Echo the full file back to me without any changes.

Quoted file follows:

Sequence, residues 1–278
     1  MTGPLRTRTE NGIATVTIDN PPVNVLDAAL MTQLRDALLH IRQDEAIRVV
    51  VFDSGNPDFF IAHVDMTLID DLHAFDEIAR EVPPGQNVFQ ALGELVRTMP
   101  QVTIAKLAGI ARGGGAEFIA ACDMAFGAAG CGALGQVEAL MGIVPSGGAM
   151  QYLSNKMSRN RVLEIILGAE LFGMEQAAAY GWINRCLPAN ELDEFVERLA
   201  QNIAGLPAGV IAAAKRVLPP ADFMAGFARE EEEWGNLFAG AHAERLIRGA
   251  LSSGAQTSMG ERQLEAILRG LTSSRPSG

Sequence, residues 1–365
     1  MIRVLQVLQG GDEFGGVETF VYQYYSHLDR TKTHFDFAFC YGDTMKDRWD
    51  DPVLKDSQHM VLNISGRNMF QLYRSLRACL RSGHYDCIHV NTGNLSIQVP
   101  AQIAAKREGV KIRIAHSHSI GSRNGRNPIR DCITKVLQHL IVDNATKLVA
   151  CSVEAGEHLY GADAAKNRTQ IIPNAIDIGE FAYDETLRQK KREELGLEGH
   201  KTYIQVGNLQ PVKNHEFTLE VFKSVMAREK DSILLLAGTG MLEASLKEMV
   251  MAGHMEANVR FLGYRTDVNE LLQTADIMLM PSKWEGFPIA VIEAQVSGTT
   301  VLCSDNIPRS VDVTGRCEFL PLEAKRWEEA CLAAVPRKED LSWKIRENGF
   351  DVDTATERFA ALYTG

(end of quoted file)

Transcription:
Sequence, residues 1–278
     1  MTGPLRTRTE NGIATVTIDN PPVNVLDAAL MTQLRDALLH IRQDEAIRVV
    51  VFDSGNPDFF IAHVDMTLID DLHAFDEIAR EVPPGQNVFQ ALGELVRTMP
   101  QVTIAKLAGI ARGGGAEFIA ACDMAFGAAG CGALGQVEAL MGIVPSGGAM
   151  QYLSNKMSRN RVLEIILGAE LFGMEQAAAY GWINRCLPAN ELDEFVERLA
   201  QNIAGLPAGV IAAAKRVLPP ADFMAGFARE EEEWGNLFAG AHAERLIRGA
   251  LSSGAQTSMG ERQLEAILRG LTSSRPSG

Sequence, residues 1–365
     1  MIRVLQVLQG GDEFGGVETF VYQYYSHLDR TKTHFDFAFC YGDTMKDRWD
    51  DPVLKDSQHM VLNISGRNMF QLYRSLRACL RSGHYDCIHV NTGNLSIQVP
   101  AQIAAKREGV KIRIAHSHSI GSRNGRNPIR DCITKVLQHL IVDNATKLVA
   151  CSVEAGEHLY GADAAKNRTQ IIPNAIDIGE FAYDETLRQK KREELGLEGH
   201  KTYIQVGNLQ PVKNHEFTLE VFKSVMAREK DSILLLAGTG MLEASLKEMV
   251  MAGHMEANVR FLGYRTDVNE LLQTADIMLM PSKWEGFPIA VIEAQVSGTT
   301  VLCSDNIPRS VDVTGRCEFL PLEAKRWEEA CLAAVPRKED LSWKIRENGF
   351  DVDTATERFA ALYTG